The following were the two major issues before the Court-

  • Whether a person writing an autobiography without the previous approval of authorities’ amount to infringement of right to privacy of the other person?
  • Whether a government official (Chief inspector general in this case) prevent an incarcerated person from publishing his own autobiography taking advantage of the fact that the prisoner has no legal means to fight against the same.

The Supreme Court, in the above mentioned case recognized right to privacy as a distinct right under the tort law and mentioned that there are remedies available for the same under the tort law. The Court said if the prisoner is prevented from publishing his autobiography then there would be an infringement of Freedom of speech and expression of the petitioner. Hence, the jail authorities cannot prevent the prisoner from publishing the same. Justice Jeevan Reddy expressly mentioned that Right to privacy is an underlying/inherent right granted under Article 21 of the Indian Constitution. With regards to the conflict between freedom of speech and expression and Right to privacy, the court laid down that right to privacy is subject to certain exceptions. If anything is other than “public records” or “court records” is published then it would definitely lead to infringement of privacy of other person. Moreover, publication against someone out of malicious intention would also amount to infringement of right to privacy of that person.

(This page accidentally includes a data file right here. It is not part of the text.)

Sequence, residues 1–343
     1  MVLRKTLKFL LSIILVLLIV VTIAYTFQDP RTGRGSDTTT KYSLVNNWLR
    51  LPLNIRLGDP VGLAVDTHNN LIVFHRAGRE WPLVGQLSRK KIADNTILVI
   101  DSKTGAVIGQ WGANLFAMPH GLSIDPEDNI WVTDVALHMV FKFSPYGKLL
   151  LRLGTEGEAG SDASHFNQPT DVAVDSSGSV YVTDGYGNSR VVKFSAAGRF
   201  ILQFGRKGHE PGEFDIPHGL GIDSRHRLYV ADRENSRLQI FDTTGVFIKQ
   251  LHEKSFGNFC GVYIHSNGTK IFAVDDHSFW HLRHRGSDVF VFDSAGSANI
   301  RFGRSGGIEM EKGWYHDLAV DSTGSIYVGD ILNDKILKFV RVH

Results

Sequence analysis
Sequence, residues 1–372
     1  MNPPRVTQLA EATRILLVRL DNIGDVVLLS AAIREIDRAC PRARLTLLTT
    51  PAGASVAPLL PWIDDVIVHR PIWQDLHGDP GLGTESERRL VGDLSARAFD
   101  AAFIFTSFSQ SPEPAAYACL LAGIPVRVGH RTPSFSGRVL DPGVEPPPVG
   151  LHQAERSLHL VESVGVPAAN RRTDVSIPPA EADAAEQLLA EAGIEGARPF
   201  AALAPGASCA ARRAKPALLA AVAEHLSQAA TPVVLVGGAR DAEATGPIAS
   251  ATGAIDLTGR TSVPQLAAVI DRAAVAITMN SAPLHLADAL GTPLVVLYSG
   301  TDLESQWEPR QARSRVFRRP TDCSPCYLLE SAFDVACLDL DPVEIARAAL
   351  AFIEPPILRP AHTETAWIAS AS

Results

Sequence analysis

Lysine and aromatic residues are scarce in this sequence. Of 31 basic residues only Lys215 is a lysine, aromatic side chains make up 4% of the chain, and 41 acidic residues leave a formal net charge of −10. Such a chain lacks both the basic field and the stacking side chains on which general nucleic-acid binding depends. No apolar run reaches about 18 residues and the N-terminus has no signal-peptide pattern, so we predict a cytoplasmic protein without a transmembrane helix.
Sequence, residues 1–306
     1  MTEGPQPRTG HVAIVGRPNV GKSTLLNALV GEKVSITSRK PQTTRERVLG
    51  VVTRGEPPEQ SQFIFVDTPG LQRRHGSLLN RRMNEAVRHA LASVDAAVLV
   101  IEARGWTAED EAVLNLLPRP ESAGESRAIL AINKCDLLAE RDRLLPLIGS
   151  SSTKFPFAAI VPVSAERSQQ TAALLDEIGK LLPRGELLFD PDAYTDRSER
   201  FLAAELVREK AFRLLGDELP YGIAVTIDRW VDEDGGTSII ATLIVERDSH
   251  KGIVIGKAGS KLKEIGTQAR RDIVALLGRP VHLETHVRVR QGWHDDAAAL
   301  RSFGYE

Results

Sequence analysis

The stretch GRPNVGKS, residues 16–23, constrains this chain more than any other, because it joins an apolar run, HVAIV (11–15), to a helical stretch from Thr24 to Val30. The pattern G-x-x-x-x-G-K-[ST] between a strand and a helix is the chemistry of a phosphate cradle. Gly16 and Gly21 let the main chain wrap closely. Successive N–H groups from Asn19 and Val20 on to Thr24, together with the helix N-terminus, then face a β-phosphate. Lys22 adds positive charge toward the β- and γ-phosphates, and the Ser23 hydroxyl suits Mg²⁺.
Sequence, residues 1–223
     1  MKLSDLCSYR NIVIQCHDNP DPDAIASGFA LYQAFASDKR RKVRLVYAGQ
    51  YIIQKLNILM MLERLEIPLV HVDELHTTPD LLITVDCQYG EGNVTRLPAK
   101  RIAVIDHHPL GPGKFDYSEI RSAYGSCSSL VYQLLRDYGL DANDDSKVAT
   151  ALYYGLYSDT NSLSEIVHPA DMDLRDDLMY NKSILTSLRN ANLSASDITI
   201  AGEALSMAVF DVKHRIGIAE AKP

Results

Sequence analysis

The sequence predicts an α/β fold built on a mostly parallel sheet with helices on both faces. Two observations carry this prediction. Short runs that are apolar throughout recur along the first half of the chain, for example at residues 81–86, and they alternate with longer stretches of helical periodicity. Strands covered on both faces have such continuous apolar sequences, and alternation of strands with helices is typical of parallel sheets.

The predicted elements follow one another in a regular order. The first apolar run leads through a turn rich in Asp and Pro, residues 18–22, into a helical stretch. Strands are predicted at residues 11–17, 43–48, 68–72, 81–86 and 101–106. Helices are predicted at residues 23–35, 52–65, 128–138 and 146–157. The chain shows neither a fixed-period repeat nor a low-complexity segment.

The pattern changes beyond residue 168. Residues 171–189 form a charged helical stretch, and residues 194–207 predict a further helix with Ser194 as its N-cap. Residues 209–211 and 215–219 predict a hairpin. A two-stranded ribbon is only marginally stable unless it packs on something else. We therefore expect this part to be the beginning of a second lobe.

Taking note of the above-mentioned cases, the Supreme Court finally postulated the importance of such a right as an essence of individualism. The right exists as old as the social-contract theory, but the only reason of it not being legal recognition was because of oodles of conflict arising in the way. John Locke, a well-known jurist, acquainted us with the theory of “tabula rasa” which riveted our attention to the fact that an individual is free is to decide the substance of their character and free to guide their own souls. In People’s Union for Civil Liberties v. Union of India[4], the Court mentioned as follows-

“We have; therefore, no hesitation in holding that right to privacy is a part of the right to “life” and “personal liberty” enshrined under Article 21 of the Constitution. Once the facts in a given case constitute a right of privacy, Article 21 is attracted. The said right cannot be curtailed “except according to procedure established by law”.


Law cannot remain static. Various changes in the political, economic and social life of individuals demand the law to be dynamic. The economic theory of “laissez faire” gained popularity in the 18th and the 19th centuary. This theory implied no government interference in commercial transactions. It gave monopoly status to the enterprises to act independently without any governmental interference. These theories can be regarded as one or the other form of right to privacy. Louis Brandeis and Samuel Warren first mentioned about privacy and the issues surrounding it in an article published in the Harvard Law Review dated December 16, 1860. The article took into consideration a broad look into a man’s spiritual and intellectual behavior and concluded that right to privacy is a facet of right to life.